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The jury is our refuge, the instrumentality which will preserve our liberties in the last instance in case the necessity arises. The jury is the popular side of the administration of justice in this country. I should be glad, indeed, to see our jury system in any way improved, but sorry to see it ever impaired or its usefulness diminished, because as long as it continues our liberties are safe. Well may we honor those Saxons of old from whom we derived our jury system. It comes to us with the Magna Charta; it comes to us as a part of our organic system of freedom, and it is necessary for the administration of justice in a free country like ours, and is required for the protection and conservation of our rights.
Joseph Hansell Merrill, of Georgia :
Just a word in connection with the first point made by Mr. Shepard, as to restricting the number who may serve upon juries. The law in Georgia has been, for a longer time than I can remember, that a jury commission, appointed by the judge of the Superior Court, takes a list of the voters of the county, and from that list selects “ upright and intelligent” men, and puts their names in the jury box. Therefore, the list of those who may serve upon juries is very much smaller than the list of those who have the right to vote. I do not know that jurors in Georgia are any more righteous or wise than are jurors in other states of the union. I have had a streak of rather bad luck this year before juries, and I am not boasting of the jury system generally, but there has not been any general complaint of the verdicts of juries in Georgia, and I certainly have never heard of any complaint of this method of restricting the number of those who can serve upon juries. This satisfactory experience of the State of Georgia on this line, I think, might encourage other states to restrict the number, and thereby elevate the character of their juries.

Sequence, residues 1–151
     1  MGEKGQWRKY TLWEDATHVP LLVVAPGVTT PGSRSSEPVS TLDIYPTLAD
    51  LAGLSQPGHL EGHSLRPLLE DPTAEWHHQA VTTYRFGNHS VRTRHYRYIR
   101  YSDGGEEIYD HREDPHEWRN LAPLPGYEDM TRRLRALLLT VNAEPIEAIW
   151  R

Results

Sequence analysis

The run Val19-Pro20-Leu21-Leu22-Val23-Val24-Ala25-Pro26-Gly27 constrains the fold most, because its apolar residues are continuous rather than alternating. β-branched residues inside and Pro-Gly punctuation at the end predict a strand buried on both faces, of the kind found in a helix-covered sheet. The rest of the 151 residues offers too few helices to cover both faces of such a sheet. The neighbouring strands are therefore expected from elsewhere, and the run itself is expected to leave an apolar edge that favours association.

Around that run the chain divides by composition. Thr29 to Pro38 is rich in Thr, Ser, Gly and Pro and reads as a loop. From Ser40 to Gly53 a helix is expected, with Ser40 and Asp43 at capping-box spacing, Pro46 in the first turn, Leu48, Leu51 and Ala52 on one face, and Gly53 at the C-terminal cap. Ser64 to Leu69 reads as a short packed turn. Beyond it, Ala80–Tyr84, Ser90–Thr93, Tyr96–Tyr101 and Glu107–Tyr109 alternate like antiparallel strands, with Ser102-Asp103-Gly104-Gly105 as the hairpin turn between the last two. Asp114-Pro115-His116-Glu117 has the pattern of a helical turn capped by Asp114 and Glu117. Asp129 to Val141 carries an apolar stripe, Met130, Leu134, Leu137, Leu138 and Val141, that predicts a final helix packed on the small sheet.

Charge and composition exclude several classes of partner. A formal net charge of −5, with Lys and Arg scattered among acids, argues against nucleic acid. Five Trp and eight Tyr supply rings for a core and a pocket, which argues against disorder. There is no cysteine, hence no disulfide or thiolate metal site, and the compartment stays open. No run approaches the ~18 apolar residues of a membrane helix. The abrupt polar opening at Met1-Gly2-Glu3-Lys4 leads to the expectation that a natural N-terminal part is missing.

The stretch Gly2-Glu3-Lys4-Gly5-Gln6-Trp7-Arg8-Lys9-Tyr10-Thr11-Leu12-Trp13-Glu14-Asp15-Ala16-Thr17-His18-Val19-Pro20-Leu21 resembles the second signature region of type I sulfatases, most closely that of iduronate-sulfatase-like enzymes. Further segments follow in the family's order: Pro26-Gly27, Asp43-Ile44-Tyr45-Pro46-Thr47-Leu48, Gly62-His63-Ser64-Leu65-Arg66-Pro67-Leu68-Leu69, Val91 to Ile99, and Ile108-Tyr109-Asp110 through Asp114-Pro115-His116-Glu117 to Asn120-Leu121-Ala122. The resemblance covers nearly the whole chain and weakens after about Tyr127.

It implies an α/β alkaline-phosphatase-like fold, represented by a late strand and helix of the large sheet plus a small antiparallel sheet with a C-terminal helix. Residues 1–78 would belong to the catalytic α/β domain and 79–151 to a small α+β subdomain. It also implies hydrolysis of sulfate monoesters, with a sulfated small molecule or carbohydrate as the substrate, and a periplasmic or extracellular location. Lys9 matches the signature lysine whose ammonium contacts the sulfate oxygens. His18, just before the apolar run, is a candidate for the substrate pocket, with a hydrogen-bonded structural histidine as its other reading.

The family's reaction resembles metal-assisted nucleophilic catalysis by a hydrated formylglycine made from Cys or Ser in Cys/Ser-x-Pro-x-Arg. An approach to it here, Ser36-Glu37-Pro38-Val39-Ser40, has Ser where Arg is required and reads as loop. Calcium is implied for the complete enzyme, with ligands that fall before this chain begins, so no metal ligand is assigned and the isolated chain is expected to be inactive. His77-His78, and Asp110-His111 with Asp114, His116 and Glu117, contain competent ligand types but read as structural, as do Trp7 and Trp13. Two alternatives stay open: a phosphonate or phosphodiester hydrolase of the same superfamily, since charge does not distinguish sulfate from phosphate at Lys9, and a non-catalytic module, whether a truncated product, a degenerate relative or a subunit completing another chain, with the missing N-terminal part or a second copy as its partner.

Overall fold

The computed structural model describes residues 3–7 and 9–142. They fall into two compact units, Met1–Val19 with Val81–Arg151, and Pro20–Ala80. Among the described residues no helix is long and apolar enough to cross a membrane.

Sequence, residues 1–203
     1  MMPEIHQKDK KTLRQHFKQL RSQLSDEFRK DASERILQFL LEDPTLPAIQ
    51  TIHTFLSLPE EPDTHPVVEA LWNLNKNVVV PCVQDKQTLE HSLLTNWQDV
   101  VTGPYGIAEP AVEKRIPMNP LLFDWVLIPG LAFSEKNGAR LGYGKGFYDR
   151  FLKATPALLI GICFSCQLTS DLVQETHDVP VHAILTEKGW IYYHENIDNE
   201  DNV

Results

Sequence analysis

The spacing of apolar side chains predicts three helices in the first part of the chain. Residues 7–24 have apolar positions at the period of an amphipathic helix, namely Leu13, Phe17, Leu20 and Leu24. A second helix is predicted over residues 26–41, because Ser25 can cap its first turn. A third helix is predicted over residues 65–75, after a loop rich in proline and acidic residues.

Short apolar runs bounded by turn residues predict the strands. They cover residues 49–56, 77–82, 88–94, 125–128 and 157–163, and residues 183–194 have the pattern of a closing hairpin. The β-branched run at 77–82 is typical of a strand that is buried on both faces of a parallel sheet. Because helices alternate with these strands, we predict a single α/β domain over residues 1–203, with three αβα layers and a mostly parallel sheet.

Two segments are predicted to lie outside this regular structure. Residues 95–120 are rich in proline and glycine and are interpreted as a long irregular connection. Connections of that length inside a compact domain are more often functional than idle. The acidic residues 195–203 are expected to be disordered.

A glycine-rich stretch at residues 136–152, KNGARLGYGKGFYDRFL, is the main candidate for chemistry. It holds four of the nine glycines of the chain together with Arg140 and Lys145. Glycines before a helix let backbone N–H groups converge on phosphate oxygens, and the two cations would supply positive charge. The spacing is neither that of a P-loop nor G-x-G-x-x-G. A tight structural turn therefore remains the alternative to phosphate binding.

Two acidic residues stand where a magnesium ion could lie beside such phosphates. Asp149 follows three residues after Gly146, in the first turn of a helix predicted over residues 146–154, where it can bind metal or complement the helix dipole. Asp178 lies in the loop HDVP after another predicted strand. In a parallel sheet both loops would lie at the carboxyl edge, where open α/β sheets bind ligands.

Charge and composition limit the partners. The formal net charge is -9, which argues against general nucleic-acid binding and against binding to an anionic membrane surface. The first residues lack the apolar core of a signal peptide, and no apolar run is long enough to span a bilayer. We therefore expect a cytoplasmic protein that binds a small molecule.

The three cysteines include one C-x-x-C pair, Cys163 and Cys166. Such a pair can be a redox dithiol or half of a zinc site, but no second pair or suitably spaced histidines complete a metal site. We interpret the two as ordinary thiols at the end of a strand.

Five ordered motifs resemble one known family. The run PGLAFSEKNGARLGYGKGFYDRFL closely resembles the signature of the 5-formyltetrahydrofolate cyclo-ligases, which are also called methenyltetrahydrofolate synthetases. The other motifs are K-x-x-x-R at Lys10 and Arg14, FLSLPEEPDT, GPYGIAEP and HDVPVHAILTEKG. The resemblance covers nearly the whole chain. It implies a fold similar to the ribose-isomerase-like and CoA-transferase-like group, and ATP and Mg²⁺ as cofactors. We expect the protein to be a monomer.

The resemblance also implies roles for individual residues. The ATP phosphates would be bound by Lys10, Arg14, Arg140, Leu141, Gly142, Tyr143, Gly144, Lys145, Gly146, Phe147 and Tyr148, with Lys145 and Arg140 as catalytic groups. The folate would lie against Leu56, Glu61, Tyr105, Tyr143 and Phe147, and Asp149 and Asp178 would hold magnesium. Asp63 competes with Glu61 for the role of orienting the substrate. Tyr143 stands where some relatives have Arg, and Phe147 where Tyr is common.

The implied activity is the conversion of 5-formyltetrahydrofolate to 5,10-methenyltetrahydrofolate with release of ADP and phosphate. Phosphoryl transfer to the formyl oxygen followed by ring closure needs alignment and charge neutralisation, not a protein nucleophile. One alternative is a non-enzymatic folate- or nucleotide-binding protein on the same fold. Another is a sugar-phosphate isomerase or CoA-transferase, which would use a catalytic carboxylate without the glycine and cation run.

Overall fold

Lynde Harrison, of Connecticut:
I live in Connecticut, in the city of New Haven, and I was very much interested in hearing what the gentleman from Massachusetts said concerning the Connecticut jury system.
So a few years
It grew up with us as it did in Massachusetts in the days of our Puritan ancestors, and gradually we have tried from generation to generation to improve the system. One great improvement that we have made within the last few